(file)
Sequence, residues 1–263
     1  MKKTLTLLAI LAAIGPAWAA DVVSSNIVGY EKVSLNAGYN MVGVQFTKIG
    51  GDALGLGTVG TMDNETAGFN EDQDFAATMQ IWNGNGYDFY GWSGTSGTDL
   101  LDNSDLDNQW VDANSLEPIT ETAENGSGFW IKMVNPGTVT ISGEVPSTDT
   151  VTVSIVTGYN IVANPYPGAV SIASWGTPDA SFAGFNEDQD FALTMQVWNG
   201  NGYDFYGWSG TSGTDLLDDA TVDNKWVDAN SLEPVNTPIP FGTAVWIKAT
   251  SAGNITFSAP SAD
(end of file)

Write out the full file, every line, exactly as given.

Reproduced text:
Sequence, residues 1–263
     1  MKKTLTLLAI LAAIGPAWAA DVVSSNIVGY EKVSLNAGYN MVGVQFTKIG
    51  GDALGLGTVG TMDNETAGFN EDQDFAATMQ IWNGNGYDFY GWSGTSGTDL
   101  LDNSDLDNQW VDANSLEPIT ETAENGSGFW IKMVNPGTVT ISGEVPSTDT
   151  VTVSIVTGYN IVANPYPGAV SIASWGTPDA SFAGFNEDQD FALTMQVWNG
   201  NGYDFYGWSG TSGTDLLDDA TVDNKWVDAN SLEPVNTPIP FGTAVWIKAT
   251  SAGNITFSAP SAD